September 3, 1783 – Treaty of Paris Ends the American Revolutionary War

On this day in history, the Treaty of Paris was signed, formally ending the American Revolutionary War between the Kingdom of Great Britain and the United States of America that had rebelled against British rule in 1776.

The treaty began with the words “In the name of the most holy and undivided Trinity.”

The most important article of the treaty was the first, which declared:

His Brittanic Majesty acknowledges the said United States, viz., New Hampshire, Massachusetts Bay, Rhode Island and Providence Plantations, Connecticut, New York, New Jersey, Pennsylvania, Delaware, Maryland, Virginia, North Carolina, South Carolina and Georgia, to be free sovereign and independent states, that he treats with them as such, and for himself, his heirs, and successors, relinquishes all claims to the government, propriety, and territorial rights of the same and every part thereof.”

The wording of the treaty promised to “forget all past misunderstandings and differences that have unhappily interrupted the good correspondence and friendship which they mutually wish to restore, and to establish such a beneficial and satisfactory intercourse, between the two countries upon the ground of reciprocal advantages and mutual convenience as may promote and secure to both perpetual peace and harmony….”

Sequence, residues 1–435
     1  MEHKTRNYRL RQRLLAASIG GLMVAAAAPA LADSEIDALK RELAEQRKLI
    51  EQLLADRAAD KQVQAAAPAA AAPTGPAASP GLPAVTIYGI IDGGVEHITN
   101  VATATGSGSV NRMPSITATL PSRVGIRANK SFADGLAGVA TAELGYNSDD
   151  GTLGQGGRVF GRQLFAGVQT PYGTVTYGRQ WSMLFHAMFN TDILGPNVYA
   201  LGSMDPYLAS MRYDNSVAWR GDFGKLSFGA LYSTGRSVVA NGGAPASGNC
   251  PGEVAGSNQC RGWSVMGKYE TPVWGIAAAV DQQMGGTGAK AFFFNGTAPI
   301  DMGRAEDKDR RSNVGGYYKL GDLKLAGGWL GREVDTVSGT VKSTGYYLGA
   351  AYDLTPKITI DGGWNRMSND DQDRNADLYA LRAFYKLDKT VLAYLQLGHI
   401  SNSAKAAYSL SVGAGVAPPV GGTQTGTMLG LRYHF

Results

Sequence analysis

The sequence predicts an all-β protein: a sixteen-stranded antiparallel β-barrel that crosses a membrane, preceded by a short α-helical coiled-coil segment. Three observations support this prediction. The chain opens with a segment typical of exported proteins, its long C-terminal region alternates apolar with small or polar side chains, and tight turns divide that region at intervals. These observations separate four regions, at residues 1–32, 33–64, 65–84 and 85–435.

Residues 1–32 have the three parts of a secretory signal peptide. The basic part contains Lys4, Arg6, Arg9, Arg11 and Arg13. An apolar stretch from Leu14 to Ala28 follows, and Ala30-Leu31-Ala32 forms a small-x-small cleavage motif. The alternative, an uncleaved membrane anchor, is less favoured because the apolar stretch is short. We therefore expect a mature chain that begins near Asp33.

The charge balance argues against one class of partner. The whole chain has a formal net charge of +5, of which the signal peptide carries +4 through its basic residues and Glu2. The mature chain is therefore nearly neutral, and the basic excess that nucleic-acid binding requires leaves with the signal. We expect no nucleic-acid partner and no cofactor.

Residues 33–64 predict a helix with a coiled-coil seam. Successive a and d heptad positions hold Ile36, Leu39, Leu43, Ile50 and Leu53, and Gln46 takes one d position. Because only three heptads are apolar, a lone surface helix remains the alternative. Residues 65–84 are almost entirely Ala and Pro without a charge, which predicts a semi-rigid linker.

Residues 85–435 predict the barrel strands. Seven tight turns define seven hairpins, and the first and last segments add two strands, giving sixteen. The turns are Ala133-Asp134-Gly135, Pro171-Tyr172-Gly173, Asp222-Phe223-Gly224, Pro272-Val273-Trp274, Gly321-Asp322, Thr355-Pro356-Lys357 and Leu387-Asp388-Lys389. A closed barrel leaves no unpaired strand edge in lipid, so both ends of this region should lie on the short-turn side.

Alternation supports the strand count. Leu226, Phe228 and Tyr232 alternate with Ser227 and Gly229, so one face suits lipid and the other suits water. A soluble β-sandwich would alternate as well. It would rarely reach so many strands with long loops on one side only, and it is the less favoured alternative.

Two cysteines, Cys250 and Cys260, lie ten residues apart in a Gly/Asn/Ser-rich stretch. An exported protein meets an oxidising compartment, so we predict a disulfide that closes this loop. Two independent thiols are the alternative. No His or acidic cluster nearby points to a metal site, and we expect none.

Peace negotiations had begun in April of 1782, and continued through the summer. The United States was represented by Benjamin Franklin, John Jay, Henry Laurens, and John Adams. David Hartley and Richard Oswald represented Great Britain. The treaty was signed at the Hotel d’York in Paris by Adams, Franklin, Jay, and Hartley.

Benjamin West's painting of the delegations at the Treaty of Paris: John Jay, John Adams, Benjamin Franklin, Henry Laurens, and William Temple Franklin. The British delegation refused to pose, and the painting was never completed.

Benjamin West’s painting of the delegations at the Treaty of Paris: John Jay, John Adams, Benjamin Franklin, Henry Laurens, and William Temple Franklin. The British delegation refused to pose, and the painting was never completed.

The treaty was ratified by the U.S. Congress on January 14, 1784.

You can read the full text of the treaty here.

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One Response

  1. Warfare is a fascinating subject. Despite the dubious morality of using violence to achieve personal or political aims. It remains that conflict has been used to do just that throughout recorded history.

    Your article is very well done, a good read.

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